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Casey O’Neill recalls feeling like she ‘blacked out’ in successful debut at UFC Vegas 19

Casey O’Neill was thrilled to get her first UFC victory in the books. Just don’t ask her to give you a detailed play-by-play.

The 23-year-old flyweight needed a little less than two rounds to put away a spirited Shana Dobson this past Saturday at UFC Vegas 19, finishing the fight with ground-and-pound to keep her pro record at a perfect 6-0. It was the first UFC fight for O’Neill after signing with the promotion in November.

With no fans in attendance at UFC APEX, O’Neill recalls her UFC debut being a strange experience, one that she barely consciously registered while she was inside the octagon.

“I don’t know if people talk about this, but your first UFC fight, nobody told me before, but you don’t realize how sort of blacked out you become,” O’Neill told MMA Fighting during an interview on What the Heck. “I think instincts took over from the fight, and I don’t even remember the fight that much, to be honest. I’m still sort of piecing it back together in my head and it’s sinking in slowly.

“This is the first time that I went out there and I was standing in the cage and I felt cold and nervous and I never feel nervous and I was like, ‘Oh God.’ Then maybe two minutes in I started to feel a bit more like myself. I don’t really remember anything. I remember bits and pieces coming back to me.”

It wasn’t just the lack of a crowd that left O’Neill—a Scotland native currently stationed in Las Vegas after previously training in Thailand and competing in Australia—off-kilter. She and Dobson were scheduled to be the next fight up after Chas Skelly’s bout with Jamall Emmers was abruptly cancelled as Skelly waited in the cage due to Emmers suffering from back spasms prior to his walkout.

Oddly, this may have worked out better for O’Neill, as she admits that she has a tendency to overthink and overtrain, so getting to fight sooner rather than later was just fine with her.

“That was so weird,” O’Neill said. “That’s obviously the first time in the UFC that’s ever happened. For me even that was so strange. They come out the back and they tell me that one opponent’s in the octagon and one’s not gonna make the walk, or looks like they’re not gonna make the walk, so I could be up in 20, or I could be up in 10, so just be ready.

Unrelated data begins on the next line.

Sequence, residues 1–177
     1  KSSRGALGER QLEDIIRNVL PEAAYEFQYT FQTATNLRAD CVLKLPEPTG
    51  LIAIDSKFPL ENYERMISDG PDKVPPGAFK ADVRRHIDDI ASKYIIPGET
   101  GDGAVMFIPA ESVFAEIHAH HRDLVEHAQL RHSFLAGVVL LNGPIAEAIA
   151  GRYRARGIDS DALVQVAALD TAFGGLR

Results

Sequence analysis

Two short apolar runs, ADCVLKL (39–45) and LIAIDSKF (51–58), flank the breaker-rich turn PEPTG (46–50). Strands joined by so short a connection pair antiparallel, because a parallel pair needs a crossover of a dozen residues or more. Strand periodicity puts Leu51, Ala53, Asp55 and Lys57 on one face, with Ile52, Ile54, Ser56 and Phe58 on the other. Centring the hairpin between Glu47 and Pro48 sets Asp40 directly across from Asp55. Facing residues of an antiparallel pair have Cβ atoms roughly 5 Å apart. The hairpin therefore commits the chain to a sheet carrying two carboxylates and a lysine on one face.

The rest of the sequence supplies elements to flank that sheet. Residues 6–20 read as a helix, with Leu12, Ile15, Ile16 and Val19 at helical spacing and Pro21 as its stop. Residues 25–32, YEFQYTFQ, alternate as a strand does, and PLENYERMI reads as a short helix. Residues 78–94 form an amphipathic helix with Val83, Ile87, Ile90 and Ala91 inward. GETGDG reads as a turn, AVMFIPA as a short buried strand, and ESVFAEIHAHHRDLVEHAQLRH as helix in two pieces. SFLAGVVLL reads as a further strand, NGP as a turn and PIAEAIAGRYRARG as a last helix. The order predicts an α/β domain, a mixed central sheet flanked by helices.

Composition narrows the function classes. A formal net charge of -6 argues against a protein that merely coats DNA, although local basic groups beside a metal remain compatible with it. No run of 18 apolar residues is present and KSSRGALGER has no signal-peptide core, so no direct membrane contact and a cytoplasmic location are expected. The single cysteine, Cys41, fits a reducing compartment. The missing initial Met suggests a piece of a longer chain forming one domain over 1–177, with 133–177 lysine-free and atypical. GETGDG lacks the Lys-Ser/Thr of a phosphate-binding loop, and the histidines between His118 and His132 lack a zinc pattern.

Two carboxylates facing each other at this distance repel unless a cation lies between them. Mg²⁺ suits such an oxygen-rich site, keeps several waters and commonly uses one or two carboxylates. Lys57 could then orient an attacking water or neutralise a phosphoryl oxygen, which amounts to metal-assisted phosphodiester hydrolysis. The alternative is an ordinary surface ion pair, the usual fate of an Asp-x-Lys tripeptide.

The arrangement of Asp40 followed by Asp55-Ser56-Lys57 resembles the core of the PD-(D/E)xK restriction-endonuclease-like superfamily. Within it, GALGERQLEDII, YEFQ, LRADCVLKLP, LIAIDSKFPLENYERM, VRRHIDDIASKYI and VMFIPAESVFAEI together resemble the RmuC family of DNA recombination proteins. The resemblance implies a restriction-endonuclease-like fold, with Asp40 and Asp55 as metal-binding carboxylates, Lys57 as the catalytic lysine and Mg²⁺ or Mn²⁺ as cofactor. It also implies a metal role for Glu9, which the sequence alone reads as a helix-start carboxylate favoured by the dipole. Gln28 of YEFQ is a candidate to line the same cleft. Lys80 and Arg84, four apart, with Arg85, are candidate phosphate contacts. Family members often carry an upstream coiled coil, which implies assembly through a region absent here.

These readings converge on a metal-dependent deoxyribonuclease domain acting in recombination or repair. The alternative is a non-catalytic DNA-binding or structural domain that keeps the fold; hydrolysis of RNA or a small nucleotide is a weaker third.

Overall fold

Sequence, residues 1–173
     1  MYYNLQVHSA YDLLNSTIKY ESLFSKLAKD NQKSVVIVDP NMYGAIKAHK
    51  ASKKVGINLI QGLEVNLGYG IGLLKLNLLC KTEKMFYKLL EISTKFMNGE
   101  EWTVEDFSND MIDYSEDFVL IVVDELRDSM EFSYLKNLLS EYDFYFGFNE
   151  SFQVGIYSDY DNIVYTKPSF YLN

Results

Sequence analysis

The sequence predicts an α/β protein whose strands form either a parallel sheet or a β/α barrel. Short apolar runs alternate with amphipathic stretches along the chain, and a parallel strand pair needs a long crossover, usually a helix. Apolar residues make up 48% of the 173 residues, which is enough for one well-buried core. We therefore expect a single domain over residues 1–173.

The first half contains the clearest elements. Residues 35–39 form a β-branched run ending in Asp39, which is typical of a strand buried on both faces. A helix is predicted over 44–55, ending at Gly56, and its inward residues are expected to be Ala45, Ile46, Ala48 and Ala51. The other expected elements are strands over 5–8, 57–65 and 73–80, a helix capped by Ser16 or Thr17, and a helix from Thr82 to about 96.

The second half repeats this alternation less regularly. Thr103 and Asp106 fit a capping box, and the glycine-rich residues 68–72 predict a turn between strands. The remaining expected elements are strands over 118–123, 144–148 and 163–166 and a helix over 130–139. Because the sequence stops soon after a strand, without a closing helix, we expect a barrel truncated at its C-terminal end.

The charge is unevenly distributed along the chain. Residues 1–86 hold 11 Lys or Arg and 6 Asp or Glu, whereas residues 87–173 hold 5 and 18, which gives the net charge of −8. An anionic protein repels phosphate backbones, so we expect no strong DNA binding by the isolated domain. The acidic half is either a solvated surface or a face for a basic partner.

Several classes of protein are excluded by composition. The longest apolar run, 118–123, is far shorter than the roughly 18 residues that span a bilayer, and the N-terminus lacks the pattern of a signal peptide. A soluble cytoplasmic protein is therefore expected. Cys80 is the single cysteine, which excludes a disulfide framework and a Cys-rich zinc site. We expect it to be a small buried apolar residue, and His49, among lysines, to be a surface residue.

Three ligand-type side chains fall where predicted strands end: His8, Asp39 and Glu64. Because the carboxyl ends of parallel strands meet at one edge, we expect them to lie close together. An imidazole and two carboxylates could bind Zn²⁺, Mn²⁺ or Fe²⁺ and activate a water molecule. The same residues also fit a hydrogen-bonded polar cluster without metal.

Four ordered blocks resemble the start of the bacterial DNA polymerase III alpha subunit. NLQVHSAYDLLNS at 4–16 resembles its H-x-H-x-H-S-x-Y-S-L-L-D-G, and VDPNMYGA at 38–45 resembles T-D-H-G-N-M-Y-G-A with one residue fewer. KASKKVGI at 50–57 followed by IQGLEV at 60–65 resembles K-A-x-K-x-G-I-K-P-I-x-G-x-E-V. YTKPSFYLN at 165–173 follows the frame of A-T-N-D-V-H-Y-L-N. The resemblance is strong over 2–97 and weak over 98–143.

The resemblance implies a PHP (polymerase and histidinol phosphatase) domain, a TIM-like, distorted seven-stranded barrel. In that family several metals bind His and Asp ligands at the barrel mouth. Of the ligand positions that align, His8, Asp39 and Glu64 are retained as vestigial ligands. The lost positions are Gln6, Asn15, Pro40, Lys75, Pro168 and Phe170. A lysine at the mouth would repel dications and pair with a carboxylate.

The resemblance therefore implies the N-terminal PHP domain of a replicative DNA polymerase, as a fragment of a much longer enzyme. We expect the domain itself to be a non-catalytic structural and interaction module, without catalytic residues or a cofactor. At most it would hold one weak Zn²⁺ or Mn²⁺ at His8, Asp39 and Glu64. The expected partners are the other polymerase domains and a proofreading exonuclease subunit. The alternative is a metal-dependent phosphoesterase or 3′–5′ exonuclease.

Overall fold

“So the pressure of my first UFC fight, and then the added pressure of, ‘Oh my God, am I walking now? Am I walking then?’ And then that’s starting to make me nervous, I guess, then eventually his opponent didn’t make the walk so they’re like, ‘Five minutes!’ We had to go and luckily I was already warm.”

As O’Neill puts it, the fight itself is “the easy part,” though she still had to deal with the aggression of Dobson on fight night. Her opponent’s approach proved to be the best thing for O’Neill in the end as it snapped her into action.

“Definitely the wakeup call I needed,” O’Neill said. “I had watched tape of her and I knew she started hard and aggressive, so I was like I’m gonna start more hard and more aggressive, and that’s sort of what happened there. It was like a little tumbleweed of us two in the first 10 seconds, and when she hit me, the first thing that went through my head was like, ‘F*ck yeah.’

“I was like, ‘Yeah, let’s go, I’m awake now.’ I’m moving my head. That sort of woke me up for sure, I was a bit stuck in the mood. I ate that one, my head came back, and I was ready to go.”

O’Neill eventually won the fight with ground-and-pound after controlling Dobson on the mat for a prolonged period of time. Still, she expressed frustration at her inability to hold Dobson down at first, and when the bout was finally waved off, her reaction was a mixture of relief, shock, and elation.

Having re-watched the fight three times since Saturday, O’Neill knows what she has to improve on, but she’s also eager to book her next fight soon. In fact, it wasn’t long after her hand was raised that she was prompting her manager to get on the line with UFC matchmaker Mick Maynard.

“I called my manager about 20 minutes after the fight and was trying to book another fight,” O’Neill said. “Hopefully, we’re gonna aim for the first couple of weeks of May or the end of April. I don’t want to wait any longer than May. Mick knows that too, I’ve made sure that he knows that, so we’re getting back as fast as possible.

“My main goal this year is to have three or four fights and make a name for myself. I started chapter one, but I’ve got a long way to go and I’m only just getting started.”

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